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Gasoline and Cooking Gas Prices Continue to Spike Economics

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Gasoline and Cooking Gas Prices Continue to Spike

The fuel crises that erupted in both government- and Houthi-controlled areas in January continued throughout March. By mid-March, the authorities in Sana’a had increased the commercial price of gasoline by 43 percent to YR16,000 for a 20-liter tank, while the same quantity on the black market sold for YR26,000 (both priced in old rials, issued prior to 2017).

In areas under the nominal control of the internationally recognized government, the Yemen Petroleum Company’s Aden branch raised the official price of gasoline 17 percent in March, from YR948 to YR1,110 per liter (YR22,200 for a 20-liter tank), while in Hadramawt, authorities raised gasoline prices almost 35 percent, from YR948 to YR1,278 per liter (YR25,560 for a 20-liter tank). These prices are in new rials, issued since 2017 by the government-controlled central bank in Aden (CBY-Aden). At the end of March, old rials were worth roughly twice the value of new rials, with US$1 buying YR609 of the former and YR1,232 of the latter (see, ‘Slight Depreciation of Old Yemeni Rials in Houthi-Held Areas’).

Houthi authorities continued to blame the fuel crisis on the Saudi-led coalition which, at the Yemeni government’s behest, has blocked fuel tankers from offloading at the Houthi-held port of Hudaydah. However, overall fuel imports to Yemen have remained fairly stable over the past year, with decreased shipments into Hudaydah being made up with increased imports through the government-controlled ports of Aden and Mukalla and in-country supply chains adapting to truck fuel to Houthi-held northern areas. Pro-government media reports from March suggest that Houthi forces have continued holding up trucks at land crossings, creating an artificial fuel shortage in northern markets. Houthi authorities have claimed that the fuel shipments regularly contain substandard fuel and need to be held for testing, though the government denies this and the Houthis have provided no credible evidence to support this assertion.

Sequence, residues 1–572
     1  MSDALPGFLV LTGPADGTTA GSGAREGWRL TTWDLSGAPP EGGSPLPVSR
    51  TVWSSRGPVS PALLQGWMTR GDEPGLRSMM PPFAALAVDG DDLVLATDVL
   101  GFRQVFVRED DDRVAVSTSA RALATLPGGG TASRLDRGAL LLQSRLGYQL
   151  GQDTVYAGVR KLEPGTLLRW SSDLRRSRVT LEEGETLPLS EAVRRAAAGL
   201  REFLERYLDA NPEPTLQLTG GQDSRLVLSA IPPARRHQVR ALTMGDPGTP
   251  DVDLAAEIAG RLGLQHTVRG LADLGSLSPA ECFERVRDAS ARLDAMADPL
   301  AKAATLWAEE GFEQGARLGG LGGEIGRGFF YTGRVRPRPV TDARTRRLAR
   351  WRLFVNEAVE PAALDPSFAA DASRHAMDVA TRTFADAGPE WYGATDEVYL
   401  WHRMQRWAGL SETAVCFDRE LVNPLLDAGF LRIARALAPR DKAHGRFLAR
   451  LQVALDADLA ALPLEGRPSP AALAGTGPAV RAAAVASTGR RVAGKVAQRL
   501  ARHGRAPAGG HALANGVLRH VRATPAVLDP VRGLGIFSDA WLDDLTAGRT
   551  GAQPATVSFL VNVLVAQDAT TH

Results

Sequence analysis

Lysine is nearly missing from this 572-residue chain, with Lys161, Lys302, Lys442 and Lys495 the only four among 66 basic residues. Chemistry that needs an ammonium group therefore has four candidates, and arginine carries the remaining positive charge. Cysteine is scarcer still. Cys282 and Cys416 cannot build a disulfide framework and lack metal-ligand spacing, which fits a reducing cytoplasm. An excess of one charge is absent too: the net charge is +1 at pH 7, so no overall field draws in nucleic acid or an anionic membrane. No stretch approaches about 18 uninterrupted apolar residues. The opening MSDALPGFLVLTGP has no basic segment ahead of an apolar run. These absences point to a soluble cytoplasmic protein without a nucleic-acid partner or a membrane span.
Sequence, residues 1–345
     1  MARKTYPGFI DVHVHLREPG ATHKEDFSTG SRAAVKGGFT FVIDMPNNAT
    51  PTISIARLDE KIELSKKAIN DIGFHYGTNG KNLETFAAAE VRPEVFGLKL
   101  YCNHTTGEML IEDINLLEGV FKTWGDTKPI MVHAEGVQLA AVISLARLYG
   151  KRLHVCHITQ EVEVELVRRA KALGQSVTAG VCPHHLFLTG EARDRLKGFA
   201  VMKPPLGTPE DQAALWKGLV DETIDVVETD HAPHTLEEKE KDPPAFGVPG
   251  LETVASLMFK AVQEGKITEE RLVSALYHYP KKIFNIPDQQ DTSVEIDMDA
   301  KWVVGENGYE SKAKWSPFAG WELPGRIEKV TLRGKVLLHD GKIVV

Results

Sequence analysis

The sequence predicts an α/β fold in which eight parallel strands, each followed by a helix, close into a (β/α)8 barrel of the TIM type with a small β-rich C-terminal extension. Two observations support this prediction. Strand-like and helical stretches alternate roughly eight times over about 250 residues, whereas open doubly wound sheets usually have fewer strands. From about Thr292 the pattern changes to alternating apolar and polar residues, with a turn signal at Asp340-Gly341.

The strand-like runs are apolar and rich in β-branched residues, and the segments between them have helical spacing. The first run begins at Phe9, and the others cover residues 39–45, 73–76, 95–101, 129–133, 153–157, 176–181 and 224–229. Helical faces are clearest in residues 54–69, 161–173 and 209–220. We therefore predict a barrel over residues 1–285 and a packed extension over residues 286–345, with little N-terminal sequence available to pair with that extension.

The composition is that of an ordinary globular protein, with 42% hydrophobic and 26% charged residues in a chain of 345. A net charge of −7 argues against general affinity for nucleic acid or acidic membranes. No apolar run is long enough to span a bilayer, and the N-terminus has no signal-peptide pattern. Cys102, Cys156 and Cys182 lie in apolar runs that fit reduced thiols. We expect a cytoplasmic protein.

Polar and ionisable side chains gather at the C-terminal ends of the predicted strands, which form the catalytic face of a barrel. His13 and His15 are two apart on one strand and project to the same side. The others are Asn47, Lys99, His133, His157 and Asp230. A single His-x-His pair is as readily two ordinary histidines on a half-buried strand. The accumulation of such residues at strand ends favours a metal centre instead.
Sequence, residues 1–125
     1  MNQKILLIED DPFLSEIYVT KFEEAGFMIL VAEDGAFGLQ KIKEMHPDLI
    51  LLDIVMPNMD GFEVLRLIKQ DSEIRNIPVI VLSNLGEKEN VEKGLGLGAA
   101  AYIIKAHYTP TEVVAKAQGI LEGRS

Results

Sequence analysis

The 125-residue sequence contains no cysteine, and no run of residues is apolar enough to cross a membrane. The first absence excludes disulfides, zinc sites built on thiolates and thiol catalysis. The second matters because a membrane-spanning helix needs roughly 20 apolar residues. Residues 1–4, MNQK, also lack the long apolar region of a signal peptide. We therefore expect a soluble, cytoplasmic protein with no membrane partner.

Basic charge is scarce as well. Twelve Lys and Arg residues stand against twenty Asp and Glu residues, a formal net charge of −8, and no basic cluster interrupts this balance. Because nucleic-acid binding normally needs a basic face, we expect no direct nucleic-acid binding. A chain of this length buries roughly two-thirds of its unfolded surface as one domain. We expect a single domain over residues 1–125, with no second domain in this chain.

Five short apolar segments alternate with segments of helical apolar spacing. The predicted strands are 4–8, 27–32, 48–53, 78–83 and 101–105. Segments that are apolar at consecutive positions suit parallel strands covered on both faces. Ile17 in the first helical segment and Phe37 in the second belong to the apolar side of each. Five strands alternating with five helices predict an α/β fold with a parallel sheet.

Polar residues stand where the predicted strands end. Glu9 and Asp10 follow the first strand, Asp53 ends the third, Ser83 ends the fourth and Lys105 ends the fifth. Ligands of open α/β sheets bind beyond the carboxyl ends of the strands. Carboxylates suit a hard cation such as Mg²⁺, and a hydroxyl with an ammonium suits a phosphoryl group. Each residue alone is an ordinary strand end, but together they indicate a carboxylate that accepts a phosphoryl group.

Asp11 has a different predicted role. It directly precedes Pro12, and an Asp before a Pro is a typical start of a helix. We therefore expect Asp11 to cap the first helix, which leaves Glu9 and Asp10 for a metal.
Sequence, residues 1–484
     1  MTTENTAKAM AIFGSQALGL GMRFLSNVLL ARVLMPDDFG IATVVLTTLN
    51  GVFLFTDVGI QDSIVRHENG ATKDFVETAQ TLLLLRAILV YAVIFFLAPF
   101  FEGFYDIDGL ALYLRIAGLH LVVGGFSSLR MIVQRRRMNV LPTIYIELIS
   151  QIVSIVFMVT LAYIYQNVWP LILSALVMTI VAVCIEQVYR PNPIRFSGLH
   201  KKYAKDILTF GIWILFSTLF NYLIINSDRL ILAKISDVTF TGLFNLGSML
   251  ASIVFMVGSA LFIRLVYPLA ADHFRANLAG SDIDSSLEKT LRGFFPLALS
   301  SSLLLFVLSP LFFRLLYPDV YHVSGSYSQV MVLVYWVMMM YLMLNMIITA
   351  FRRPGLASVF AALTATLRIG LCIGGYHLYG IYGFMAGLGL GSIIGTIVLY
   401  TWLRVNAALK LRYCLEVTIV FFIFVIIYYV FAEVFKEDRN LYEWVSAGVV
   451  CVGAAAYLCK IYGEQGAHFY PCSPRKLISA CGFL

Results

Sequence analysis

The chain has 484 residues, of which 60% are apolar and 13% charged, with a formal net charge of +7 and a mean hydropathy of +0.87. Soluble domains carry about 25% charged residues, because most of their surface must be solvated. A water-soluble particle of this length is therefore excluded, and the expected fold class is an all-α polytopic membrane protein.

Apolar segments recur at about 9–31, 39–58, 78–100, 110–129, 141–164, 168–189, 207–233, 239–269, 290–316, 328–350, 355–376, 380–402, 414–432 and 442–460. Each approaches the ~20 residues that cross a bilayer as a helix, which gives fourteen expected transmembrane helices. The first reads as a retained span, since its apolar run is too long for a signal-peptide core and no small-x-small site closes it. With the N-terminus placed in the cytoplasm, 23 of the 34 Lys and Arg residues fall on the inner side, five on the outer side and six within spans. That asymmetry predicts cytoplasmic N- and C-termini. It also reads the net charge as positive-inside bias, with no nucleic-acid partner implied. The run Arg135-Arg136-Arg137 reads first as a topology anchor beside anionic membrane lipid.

Source: Sana’a Center Economic Unit, Yemen Days,[1] Al-Arabi News[2]

The official price for a cylinder of cooking gas jumped twice in March in Houthi-held areas, rising from YR4,900 to YR5,900 at the beginning of the month, and then again to YR8,225 at month’s end, amounting to a 68 percent cost increase. The availability of cooking gas at the official price was, however, limited. On the black market, where gas was more readily available, a cylinder was priced at YR20,000.

Houthi authorities blamed rising cooking gas prices on the increased cost of gas imports, with global natural gas prices having increased substantially since mid-December. The Houthi claims are dubious, however, given that prior to the ongoing conflict Yemen was a net exporter of natural gas, and throughout the war the government-run SAFER gas facility in Marib has continued to service most of Yemen’s cooking gas needs, insulating domestic prices from fluctuations in global markets. The internationally recognized government refuted the Houthi claims, stating that gas from Marib was sold wholesale to the de facto authorities in Sana’a for YR1,750 (priced in old rials).